Bayleaf, 87/8 Jonson Street, Byron Bay
Put simply, St Elmo is a Spanish tapas restaurant, done exceptionally well.
The dining room is casually stylish, with the dark palette of it’s decor brought to life though bold mosaic designs. On a warm evening, its glass walls are flung open, ushering in a welcome breeze that transports you to the Med and coerces you into one more glass of sangria.
I particularly loved the soft shell crab sliders with chilli mayo; the pan-seared scallop with fennel cream and salmon roe; and the braised beef cheek with cauliflower puree. But honestly, it was all delicious. They also boast an excellent wine list with plenty of wines by the glass, selected to complement the food on offer.
Reservations are recommended and can be made on their website.
St Elmo, 22 Fletcher St, Byron Bay
Balcony Bar & Oyster Company
Perched above Byron’s bustling main strip, the Balcony Bar is every bit as laid back as Byron itself. The vibe is very much beach house, with neutral colours and white wooden-shutter window frames contrasting against vibrant furnishings and art.
In the afternoons, grab a spot on the wooden wrap-around balcony, and pass the time taking in the sunshine while sipping cocktails and sampling their oysters.
The Balcony Bar & Oyster Company, 7/3 Lawson St, Byron Bay
The Bolt Hole
This late-night whiskey and gin bar is a welcome change of pace from Byron’s other crowded watering holes. Not only does it have over 300 whiskeys and gins, it’s positioned atop a two-story building, providing privileged panoramic views that capture Byron’s famous sunset, or later at night, the star-filled sky.
The Bolt Hole, 9 Fletcher Street, Byron Bay
Near Byron Bay
Three Blue Ducks
Celebrity chefs Mark LaBrooy and Darren Robertson first established Three Blue Ducks in Sydney to much acclaim. It was so successful they’ve opened three more, one of which is just outside Byron Bay.
Here, Three Blue Ducks is set on an 80-acre working farm; the perfect locale given The Ducks’ focus on fresh produce and sustainability. Much of the food in the restaurant is sourced from the farm itself, and there’s even an on-site bakery.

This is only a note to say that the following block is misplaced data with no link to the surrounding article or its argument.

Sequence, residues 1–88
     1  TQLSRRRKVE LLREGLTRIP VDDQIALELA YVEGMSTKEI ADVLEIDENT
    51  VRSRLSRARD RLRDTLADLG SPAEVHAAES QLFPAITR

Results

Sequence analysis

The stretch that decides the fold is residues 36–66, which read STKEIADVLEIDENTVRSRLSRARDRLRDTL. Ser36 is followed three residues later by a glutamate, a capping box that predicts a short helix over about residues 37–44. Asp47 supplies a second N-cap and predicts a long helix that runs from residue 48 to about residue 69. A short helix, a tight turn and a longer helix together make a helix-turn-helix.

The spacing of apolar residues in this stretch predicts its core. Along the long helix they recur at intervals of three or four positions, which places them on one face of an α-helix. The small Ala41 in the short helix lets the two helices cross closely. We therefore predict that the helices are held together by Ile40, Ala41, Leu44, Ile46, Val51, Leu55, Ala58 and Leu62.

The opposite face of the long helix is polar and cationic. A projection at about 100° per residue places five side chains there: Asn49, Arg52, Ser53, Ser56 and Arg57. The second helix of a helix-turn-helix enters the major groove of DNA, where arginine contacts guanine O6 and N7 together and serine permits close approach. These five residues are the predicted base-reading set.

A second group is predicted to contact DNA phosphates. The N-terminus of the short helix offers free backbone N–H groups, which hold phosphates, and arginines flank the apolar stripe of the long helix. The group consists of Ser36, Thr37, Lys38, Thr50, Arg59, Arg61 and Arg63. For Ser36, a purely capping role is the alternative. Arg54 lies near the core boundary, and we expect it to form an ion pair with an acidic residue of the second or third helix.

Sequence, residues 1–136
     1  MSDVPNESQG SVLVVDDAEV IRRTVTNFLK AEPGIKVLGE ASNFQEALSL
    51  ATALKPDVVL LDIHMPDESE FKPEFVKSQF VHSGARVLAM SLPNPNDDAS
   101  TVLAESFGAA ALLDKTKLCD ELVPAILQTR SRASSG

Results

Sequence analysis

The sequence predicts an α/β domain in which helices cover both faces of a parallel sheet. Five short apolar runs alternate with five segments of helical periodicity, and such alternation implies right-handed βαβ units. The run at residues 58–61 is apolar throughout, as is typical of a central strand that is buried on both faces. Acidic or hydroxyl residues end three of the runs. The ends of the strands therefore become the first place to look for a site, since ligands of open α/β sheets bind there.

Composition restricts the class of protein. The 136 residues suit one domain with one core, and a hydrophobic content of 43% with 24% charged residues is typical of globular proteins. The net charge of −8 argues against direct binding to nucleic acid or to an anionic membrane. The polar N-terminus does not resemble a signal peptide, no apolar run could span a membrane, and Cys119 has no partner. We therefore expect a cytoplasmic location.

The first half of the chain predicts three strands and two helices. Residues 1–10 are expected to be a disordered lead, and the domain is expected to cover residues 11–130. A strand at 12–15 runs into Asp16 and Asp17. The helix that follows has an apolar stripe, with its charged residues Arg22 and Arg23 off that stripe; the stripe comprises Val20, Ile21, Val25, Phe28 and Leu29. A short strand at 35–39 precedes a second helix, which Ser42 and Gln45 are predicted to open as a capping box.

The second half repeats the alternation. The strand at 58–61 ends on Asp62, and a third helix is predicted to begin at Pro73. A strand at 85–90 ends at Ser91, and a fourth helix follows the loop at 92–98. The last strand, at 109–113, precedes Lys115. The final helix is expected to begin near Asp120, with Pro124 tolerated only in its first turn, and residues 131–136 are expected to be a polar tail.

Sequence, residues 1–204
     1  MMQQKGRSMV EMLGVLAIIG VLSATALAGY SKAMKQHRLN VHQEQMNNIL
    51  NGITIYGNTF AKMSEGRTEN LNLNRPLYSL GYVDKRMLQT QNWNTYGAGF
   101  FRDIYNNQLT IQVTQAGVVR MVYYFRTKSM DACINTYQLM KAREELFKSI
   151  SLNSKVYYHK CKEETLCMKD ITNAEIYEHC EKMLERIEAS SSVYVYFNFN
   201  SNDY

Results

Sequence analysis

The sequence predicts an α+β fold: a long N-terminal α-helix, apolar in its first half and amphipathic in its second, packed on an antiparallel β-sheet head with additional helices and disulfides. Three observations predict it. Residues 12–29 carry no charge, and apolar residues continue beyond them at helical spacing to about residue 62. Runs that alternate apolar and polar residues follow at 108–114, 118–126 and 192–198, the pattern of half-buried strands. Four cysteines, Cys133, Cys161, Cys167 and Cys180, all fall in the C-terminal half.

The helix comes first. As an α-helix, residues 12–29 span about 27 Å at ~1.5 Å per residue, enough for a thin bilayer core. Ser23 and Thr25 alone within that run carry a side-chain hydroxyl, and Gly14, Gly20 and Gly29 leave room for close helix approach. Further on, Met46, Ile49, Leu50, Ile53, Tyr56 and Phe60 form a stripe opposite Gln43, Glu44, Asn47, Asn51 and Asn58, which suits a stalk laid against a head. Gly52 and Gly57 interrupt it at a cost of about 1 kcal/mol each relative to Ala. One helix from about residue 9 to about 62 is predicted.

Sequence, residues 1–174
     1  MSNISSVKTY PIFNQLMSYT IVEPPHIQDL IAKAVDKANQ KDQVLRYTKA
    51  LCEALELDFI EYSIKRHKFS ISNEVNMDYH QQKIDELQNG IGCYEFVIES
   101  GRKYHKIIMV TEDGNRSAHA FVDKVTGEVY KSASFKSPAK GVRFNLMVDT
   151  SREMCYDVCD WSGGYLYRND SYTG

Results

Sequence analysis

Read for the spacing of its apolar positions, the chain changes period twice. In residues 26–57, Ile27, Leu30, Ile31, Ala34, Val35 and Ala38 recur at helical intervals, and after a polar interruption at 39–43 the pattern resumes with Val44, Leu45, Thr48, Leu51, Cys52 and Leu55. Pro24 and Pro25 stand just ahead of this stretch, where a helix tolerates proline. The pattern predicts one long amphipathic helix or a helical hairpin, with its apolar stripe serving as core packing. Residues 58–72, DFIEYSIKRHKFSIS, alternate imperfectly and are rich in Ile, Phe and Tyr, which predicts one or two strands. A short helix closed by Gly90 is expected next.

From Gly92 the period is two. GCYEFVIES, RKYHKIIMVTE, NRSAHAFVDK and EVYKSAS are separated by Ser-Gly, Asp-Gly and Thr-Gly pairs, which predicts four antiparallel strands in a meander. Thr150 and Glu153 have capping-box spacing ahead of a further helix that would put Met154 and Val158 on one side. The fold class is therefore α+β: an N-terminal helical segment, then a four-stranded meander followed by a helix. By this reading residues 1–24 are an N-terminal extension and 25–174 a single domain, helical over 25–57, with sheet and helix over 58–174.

The restaurant may be set in a rustic barn, but you can still expect top-notch food. We went for breakfast and were impressed by The Ducks unorthodox take on this everyday meal, with dishes like spanner crab scrambled eggs, covered with a messy yet delicious concoction of beansprouts, peanuts, chilli, lime and sriracha. Or the Farmer’s bruschetta, topped with summer vegetables, cashew cream and herbs. By all reports the lunch and dinner fare is even more impressive.
If you can, grab a table on the patio, which looks over the farm and beyond to the Australian hinterland. Access to the farm itself is open, so feel free to wander through the fields and visit the farm animals – it’s a great spot for kids!
Three Blue Ducks, 11 Ewingsdale Rd, Ewingsdale
For something special, make the trek out to Newrybar, a quaint historic village that’s little more than one street. Newrybar is the charming backdrop to Harvest, an outstanding restaurant that’s arguably more well-known than the town itself.
Harvest specialises in seasonal food, sourced from local suppliers and using foraged and wild native Australian ingredients, such as coastal succulents, lemon myrtle and pandanus. Head Chef Alastair Waddell uses these ingredients to deliver a creative menu, so good it’s been recognised with a Chef’s Hat (Australia’s version of a Michelin star).
We were there on Valentine’s Day – which in truth made for a slightly odd family dinner, particularly when blindfolds became involved in one of the courses. But nonetheless, we enjoyed the reasonably-priced set menu (four courses for $69 AUD). Stand-outs included the brilliantly red tomato with woodfired mullet roe, so fresh its flavour literally burst; and the Australian Bay Lobster (also known as Moreton Bay Bugs), delicate and delicious.
The food is elevated by Harvest’s beautiful setting. The relaxed dining room sits on the protected deck of a timber cottage surrounded by hinterland. The warm breeze drifts across the decking, carrying the gentle scent of Australian flora and a chorus of cicadas providing the night’s backing track. It really doesn’t get much more Australian than this.
Newrybar is 20 minutes drive from Byron Bay, and local taxis are available to take you to and from the restaurant.
Harvest, 18-22 Old Pacific Highway, Newrybar Village
Where we stayed
I have to give a call out to the fantastic Airbnb house we stayed in while in Byron Bay – Bodh Gaya. It was the perfect spot for a big group of us (including two young kids); large enough to be able to escape the inevitable family quarrels, and tranquil while still being within walking distance to Byron’s main action.
It’s given me a whole new set of life goals. If you’re travelling as a group, I highly recommend!
Quick tips when visiting Byron Bay